And so we arrive at the final destination of the first part of our Zillebeke tour, Spoilbank Cemetery, named after the banks of spoil heaped nearby when the cutting for the now disused Ypres-Comines canal was originally dug. 520 men, one fifth of them unidentified, are buried here, the majority from between February 1915 and March 1918, although further burials were brought in from the surrounding battlefield after the war.
Looking north east from near the cemetery entrance across a sodden Plot I, with Chester Farm Military Cemetery clearly visible just up the road in the background, as is the farm from which it takes its name.
Despite its size, Spoilbank Cemetery comprises just two plots, with Plot I (pictured) being by far the largest. This view looks north. Here’s the CWGC cemetery plan:
Near the cemetery entrance are two rows of facing headstones, special memorials to men ‘believed’ or, in one case, ‘known to be buried in this cemetery’.
Behind the left hand row of special memorials Plot I continues until the final few rows just visible in the left background, which make up the much smaller Plot II.
The row of special memorials to the left, left to right:
|GUNNER T. RILEY||ROYAL FIELD ARTILLERY||u/k||19/07/1917||Spec. Mem A 1|
|PRIVATE S. KEYES||13th BN, AUSTRALIAN INFANTRY||u/k||01/03/1918||Spec. Mem A 2|
|PRIVATE J. A. MAPLE||ROYAL FUSILIERS||17||09/09/1917||Spec. Mem A 3|
|BOMBARDIER J. E. MADDOCKS||ROYAL GARRISON ARTILLERY||27||19/07/1917||Spec. Mem A 4|
|PRIVATE A. PATTEN*||MACHINE GUN CORPS (INFANTRY)||34||02/03/1916||Spec. Mem A 5|
*Private Patten’s headstone is the one mentioned earlier bearing the inscription ‘known to be buried in this cemetery’.
The row of special memorials to the right, left to right:
|CAPTAIN B. C. WINSER||LANCASHIRE FUSILIERS||u/k||15/02/1916||Spec. Mem
|GUNNER A. HIGHAM||ROYAL FIELD ARTILLERY||u/k||19/07/1917||Spec. Mem
|GUNNER J. FARRER||ROYAL FIELD ARTILLERY||u/k||19/07/1917||Spec. Mem
|GUNNER J. J. CHANDLER||ROYAL FIELD ARTILLERY||27||19/07/1917||Spec. Mem
|CORPORAL J. A. HOUGHTON||ROYAL FIELD ARTILLERY||35||19/07/1917||Spec. Mem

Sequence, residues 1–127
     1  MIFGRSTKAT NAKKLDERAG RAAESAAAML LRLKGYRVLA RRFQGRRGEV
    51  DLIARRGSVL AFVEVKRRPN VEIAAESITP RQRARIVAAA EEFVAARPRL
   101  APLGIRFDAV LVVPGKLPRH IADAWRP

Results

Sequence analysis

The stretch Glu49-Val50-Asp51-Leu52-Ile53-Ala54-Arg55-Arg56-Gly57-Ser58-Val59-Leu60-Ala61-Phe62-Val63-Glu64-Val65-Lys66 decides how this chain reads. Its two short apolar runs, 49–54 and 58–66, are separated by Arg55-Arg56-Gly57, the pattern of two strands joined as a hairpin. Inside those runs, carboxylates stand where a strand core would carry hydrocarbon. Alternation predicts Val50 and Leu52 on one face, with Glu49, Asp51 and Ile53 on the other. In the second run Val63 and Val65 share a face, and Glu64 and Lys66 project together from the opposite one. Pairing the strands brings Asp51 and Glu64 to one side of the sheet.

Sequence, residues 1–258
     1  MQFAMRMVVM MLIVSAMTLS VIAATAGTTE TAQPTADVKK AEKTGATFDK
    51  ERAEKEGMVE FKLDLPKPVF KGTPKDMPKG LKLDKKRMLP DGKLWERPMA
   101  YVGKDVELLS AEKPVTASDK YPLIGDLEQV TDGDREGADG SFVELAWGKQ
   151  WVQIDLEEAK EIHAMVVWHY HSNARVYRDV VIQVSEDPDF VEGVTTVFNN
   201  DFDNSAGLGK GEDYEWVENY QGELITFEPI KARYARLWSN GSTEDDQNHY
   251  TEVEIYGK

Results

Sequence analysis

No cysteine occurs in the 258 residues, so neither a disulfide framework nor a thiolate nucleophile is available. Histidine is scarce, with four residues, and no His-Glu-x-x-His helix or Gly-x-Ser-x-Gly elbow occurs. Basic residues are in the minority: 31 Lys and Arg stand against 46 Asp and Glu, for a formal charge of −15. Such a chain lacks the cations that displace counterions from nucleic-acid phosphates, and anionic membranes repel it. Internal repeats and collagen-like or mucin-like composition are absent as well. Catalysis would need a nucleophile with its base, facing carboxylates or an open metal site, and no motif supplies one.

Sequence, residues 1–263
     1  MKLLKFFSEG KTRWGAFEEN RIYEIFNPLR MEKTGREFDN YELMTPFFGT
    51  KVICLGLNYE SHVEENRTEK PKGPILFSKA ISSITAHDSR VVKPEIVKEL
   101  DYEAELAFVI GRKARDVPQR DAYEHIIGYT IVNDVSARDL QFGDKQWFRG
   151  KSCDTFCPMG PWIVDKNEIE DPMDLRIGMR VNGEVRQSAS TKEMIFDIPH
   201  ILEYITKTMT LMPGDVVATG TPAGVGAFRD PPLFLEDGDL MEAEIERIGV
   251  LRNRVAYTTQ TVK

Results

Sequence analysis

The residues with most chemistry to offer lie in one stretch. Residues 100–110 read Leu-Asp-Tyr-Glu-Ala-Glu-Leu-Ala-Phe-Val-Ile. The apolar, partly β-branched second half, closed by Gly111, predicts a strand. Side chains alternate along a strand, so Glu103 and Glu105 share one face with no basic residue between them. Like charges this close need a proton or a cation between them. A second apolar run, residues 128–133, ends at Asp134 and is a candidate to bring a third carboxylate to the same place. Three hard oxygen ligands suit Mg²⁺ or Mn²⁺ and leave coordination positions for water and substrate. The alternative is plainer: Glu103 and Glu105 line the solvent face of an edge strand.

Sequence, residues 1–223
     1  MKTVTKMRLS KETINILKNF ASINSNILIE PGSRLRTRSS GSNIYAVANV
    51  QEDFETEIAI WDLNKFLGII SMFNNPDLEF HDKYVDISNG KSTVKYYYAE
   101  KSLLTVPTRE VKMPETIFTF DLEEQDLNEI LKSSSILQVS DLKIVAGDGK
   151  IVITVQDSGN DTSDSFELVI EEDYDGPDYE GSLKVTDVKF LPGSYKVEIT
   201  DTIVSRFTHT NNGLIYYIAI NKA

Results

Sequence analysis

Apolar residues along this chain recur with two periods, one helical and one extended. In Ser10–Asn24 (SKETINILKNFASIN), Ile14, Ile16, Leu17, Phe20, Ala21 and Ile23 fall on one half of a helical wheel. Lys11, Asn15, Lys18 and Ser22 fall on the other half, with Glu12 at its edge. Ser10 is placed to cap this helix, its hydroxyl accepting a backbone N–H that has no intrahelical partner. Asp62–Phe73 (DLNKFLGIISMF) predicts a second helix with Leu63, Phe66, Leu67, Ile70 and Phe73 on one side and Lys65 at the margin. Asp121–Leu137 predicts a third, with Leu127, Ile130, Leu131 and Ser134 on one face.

|SECOND LIEUTENANT H. C. ROWE||ROYAL FIELD ARTILLERY||21||19/07/1917||Spec. Mem
Sunset over the waterlogged graves of Plot I.
Four men of the West Yorkshire Regiment (also visible in the previous photograph), killed on the same day in March 1916 and buried together in Plot I Row K.
|PRIVATE H. H. HOLLINS||WEST YORKSHIRE REGIMENT||u/k||02/03/1916||I K 5|
|LANCE CORPORAL C. JONES||WEST YORKSHIRE REGIMENT||u/k||02/03/1916||I K 5|
|LANCE CORPORAL A. C. RUSSELL||WEST YORKSHIRE REGIMENT||25||02/03/1916||I K 5|
|PRIVATE J. N. NEWBOLD||WEST YORKSHIRE REGIMENT||21||02/03/1916||I K 5|
The Cross of Sacrifice, flanked by Plot I Row P to the left, and Row O to the right.
View looking east down the length of the cemetery from its far western edge, with the Cross of Sacrifice just visible between the trees to the left. Plot II comprises just the six rows nearest the camera, the first four of which appear to be exclusively Australians, all killed during the early months of 1918. The two graves in the foreground are, left to right:
|PRIVATE R. G. NEWBERY||10th BN, AUSTRALIAN INFANTRY||33||26/03/1918||II F
|PRIVATE E. G. WILLIAMS||10th BN, AUSTRALIAN INFANTRY||29||27/03/1918||II F 2|
View from Plot II looking north east. Chester Farm Military Cemetery can again be seen in the centre background.
Plot II Row A, examples of the post-war re-burials mentioned earlier. Rifleman Onslow, you will notice, was killed in November 1914, and thus is now the earliest burial in the cemetery. However at the time it was two Cheshire Regiment men who were the first burials here in February 1915. Tragically they were brothers, Lieutenant J. Keating and Second Lieutenant G. Keating, killed and buried side-by-side on February 17th 1915. Their headstones (or at least the reverse of their headstones) are visible in an earlier photograph, but you’ve got the cemetery plan, so you can find them yourselves if you wish.
If it helps (and it does), their grave references are Plot I Row H 3 & 4.
Front row, this time from right to left:
|A SOLDIER OF THE GREAT WAR|
|A SOLDIER OF THE LANCASHIRE FUSILIERS|
|RIFLEMAN W. ONSLOW||KING’S ROYAL RIFLE CORPS||u/k||05/11/1914||II A 26|
|LANCE CORPORAL J. E. NOLAN||KING’S OWN (ROYAL LANCASTER REGIMENT)||35||02/03/1916||II A 25|
|A SOLDIER OF THE GREAT WAR|
|A SOLDIER OF THE KING’S OWN (ROYAL LANCASTER REGIMENT)|
Looking directly into the setting sun (yes, I know, you’d already noticed that) from the eastern corner of the cemetery. The headstones in the foreground are, left to right:
|PRIVATE W. RATCLIFFE||MACHINE GUN CORPS (INFANTRY)||u/k||20/06/1917||I AA 1|
|SECOND LIEUTENANT S. H. COATES||EAST KENT REGIMENT (THE BUFFS)||33||07/06/1917||I AA 2|
|CAPTAIN F. RICHARDSON||24th BN, LONDON REGIMENT||33||07/06/1917||I AA 3|
The headstones in the row behind are Manchester Regiment men killed in February 1916.
Last view of Spoilbank Cemetery as the sun finally disappears and our tour of the cemeteries to the south of Zillebeke reaches its conclusion. Home for a Chimay or two, eh Balders? You’re paying (actually, there’s a piece of artwork showing Spoilbank during the war that I’d like to show you first – won’t take long).
Next we head north east of the lake (unless you didn’t visit the Palingbeek earlier, and you’d like to do so now), where we shall visit the cemeteries around Zillebeke village, before ending our tour at Hill 60.